Table 2 Intercept values (a), slope (b), probability values (P) and standard error of the mean (SEM) of the equations used to estimate the total nutrients in the maternal body (MBnp), mammary glands (MGnp) and uterus (Unp) according to the mass of the structure at the onset of pregnancy 

MBnp (g)1 MGnp (g)2 Unp (g)3
Variable4 Parameters Value SEM P-value Value SEM P-value Value SEM P-value
DM (g) a –7004 3055 ** –30.7 38.9 * 0.362 1.223 **
b 0.648 0.063 0.533 0.092 0.176 0.009
Protein (g) a 2146 1215 ** 21.7 8.86 * 0.003 0.719 **
b 0.106 0.025 0.074 0.021 0.145 0.005
EE (g) a –10348 4206 ** –53.6 35.3 * –0.133 0.802 *
b 0.514 0.087 0.441 0.084 0.017 0.006
Energy (kJ) a –356 145 ** –1.60 1.41 ** –0.005 0.020 **
b 0.023 0.003 0.019 0.003 0.004 0.001

1 Nutrients and energy in the MBnp = a + b * MBnp. 2 Nutrients and energy in the MGnp = a + b * MGnp. 3 Nutrients and energy in the Unp = a + b * Unp. 4 DM - total amount of dry matter in each structure at the onset of pregnancy; Protein - total amount of protein in each structure at the onset of pregnancy; EE - total amount of ether extract in each structure at the onset of pregnancy; Energy - total amount of kilojoules in each structure at the onset of pregnancy. * P<0.01.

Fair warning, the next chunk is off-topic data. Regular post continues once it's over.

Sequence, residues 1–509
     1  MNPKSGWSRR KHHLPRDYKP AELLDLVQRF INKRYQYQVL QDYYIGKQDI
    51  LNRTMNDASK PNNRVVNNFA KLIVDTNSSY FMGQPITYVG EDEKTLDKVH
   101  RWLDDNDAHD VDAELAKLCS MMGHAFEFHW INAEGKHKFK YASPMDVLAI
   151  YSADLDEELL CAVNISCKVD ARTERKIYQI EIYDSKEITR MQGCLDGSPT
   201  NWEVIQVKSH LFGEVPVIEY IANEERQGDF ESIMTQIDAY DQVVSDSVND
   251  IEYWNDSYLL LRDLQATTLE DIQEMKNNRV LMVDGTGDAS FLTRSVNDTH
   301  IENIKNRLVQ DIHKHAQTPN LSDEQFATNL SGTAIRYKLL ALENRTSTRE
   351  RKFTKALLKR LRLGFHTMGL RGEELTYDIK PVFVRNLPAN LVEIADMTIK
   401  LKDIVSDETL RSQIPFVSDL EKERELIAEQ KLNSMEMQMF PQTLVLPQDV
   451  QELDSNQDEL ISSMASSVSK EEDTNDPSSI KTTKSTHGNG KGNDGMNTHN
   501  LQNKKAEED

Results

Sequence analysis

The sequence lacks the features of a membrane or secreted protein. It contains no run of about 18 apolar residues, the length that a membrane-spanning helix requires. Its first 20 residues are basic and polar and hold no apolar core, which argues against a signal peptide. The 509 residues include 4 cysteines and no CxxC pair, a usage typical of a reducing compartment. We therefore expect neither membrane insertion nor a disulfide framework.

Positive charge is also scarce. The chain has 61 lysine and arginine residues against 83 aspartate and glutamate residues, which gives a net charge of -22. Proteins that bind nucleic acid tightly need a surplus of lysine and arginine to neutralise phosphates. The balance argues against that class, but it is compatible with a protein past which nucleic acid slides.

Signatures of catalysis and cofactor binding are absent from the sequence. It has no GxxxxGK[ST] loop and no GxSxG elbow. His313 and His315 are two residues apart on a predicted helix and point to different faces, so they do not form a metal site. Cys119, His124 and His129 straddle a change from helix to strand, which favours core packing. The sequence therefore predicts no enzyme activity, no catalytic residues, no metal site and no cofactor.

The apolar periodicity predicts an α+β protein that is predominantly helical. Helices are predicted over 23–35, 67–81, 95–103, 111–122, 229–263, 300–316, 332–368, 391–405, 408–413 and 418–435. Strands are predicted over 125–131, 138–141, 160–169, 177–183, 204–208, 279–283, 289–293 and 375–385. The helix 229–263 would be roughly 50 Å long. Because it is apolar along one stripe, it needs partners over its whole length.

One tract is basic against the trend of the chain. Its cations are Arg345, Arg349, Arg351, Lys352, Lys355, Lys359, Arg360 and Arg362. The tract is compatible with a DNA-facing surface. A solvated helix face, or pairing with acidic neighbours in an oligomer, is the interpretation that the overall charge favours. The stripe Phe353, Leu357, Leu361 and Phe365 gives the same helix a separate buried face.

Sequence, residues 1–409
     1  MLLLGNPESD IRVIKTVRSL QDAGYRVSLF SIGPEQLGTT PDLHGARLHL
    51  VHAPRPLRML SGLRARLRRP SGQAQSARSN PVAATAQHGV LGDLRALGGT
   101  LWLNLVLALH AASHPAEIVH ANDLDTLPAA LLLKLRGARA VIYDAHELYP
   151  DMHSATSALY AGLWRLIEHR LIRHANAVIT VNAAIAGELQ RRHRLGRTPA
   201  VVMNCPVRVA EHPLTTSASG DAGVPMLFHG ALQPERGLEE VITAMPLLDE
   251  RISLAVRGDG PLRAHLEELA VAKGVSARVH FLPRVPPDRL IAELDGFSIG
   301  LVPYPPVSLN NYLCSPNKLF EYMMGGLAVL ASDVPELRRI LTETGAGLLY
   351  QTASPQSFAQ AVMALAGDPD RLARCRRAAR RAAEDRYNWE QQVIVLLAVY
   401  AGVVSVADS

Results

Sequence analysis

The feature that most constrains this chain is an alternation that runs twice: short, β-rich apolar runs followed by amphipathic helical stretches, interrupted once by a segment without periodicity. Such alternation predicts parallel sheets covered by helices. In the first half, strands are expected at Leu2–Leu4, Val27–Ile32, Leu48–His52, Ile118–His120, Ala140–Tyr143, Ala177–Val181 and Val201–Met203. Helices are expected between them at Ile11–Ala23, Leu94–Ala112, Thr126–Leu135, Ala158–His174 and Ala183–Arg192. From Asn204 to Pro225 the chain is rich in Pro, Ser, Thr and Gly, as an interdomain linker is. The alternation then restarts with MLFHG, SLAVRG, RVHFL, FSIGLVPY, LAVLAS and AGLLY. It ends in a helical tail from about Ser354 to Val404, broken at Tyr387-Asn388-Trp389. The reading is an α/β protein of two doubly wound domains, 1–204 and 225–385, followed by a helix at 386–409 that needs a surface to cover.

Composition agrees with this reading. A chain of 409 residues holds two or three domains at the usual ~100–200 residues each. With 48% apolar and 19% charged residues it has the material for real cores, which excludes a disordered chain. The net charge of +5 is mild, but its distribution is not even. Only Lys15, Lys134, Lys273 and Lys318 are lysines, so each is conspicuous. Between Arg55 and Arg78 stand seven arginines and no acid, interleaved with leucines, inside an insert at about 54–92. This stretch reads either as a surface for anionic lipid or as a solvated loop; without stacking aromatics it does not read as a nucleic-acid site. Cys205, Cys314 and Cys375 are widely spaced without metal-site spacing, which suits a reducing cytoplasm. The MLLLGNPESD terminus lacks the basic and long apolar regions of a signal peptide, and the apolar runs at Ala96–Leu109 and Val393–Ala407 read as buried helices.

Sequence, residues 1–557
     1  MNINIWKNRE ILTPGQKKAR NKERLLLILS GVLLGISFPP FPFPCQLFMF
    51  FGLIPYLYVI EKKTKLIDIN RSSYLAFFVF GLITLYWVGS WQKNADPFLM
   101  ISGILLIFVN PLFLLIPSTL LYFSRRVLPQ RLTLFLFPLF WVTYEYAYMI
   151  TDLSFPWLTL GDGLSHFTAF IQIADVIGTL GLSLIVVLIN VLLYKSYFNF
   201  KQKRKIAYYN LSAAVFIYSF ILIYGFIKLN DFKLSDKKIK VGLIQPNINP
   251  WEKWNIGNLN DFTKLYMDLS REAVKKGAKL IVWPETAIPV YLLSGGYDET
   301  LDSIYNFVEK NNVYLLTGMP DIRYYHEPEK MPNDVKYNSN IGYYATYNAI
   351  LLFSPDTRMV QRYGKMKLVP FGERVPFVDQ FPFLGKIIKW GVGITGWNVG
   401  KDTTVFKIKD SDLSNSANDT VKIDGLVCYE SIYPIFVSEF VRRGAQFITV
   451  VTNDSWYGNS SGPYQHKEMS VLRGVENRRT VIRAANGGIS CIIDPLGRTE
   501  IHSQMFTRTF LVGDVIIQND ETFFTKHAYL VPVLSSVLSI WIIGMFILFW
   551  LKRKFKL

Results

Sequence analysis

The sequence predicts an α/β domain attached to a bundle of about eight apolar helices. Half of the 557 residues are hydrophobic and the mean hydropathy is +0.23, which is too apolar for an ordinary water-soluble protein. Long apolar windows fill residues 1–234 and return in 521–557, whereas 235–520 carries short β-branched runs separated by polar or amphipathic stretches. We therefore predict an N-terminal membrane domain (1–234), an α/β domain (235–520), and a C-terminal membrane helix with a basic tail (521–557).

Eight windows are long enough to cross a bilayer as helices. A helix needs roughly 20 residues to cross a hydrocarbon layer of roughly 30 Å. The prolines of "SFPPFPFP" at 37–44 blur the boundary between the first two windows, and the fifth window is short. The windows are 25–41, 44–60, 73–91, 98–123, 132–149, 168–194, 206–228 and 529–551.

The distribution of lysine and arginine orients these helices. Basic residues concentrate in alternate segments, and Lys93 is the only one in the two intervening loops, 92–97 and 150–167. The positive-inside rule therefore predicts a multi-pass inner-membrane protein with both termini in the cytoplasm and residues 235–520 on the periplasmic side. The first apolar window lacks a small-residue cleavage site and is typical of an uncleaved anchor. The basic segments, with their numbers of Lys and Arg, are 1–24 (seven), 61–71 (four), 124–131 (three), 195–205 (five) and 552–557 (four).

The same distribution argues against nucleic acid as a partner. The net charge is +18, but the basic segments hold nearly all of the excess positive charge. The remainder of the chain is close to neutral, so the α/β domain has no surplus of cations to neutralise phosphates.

The relative daily retention rate was calculated by equation (1):

Relative daily retention rate = TR W-1 DP-1 [1]

in which TR = total retention of DM or protein or EE (g) and/or energy (kJ) in the maternal body in each pregnancy component; and W = average weight of the structure (kg). For the animals slaughtered at 80 days of pregnancy, the average weight from 0 to 80 days was used; for those slaughtered at 110 days of gestation, the average weight between 0 and 110 days was used, and for the goats slaughtered at 140 days, the average weight from 0 to 140 days was used. Finally, DP = days of pregnancy (80, 110, or 140 days).